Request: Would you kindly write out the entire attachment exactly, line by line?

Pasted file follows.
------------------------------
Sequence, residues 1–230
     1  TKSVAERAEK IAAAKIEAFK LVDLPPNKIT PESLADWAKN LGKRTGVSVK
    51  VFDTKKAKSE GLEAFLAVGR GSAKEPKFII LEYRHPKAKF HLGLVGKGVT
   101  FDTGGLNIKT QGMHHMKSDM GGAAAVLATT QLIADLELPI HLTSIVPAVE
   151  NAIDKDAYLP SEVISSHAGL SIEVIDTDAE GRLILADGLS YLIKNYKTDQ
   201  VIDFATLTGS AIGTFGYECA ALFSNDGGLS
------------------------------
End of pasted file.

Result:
Sequence, residues 1–230
     1  TKSVAERAEK IAAAKIEAFK LVDLPPNKIT PESLADWAKN LGKRTGVSVK
    51  VFDTKKAKSE GLEAFLAVGR GSAKEPKFII LEYRHPKAKF HLGLVGKGVT
   101  FDTGGLNIKT QGMHHMKSDM GGAAAVLATT QLIADLELPI HLTSIVPAVE
   151  NAIDKDAYLP SEVISSHAGL SIEVIDTDAE GRLILADGLS YLIKNYKTDQ
   201  VIDFATLTGS AIGTFGYECA ALFSNDGGLS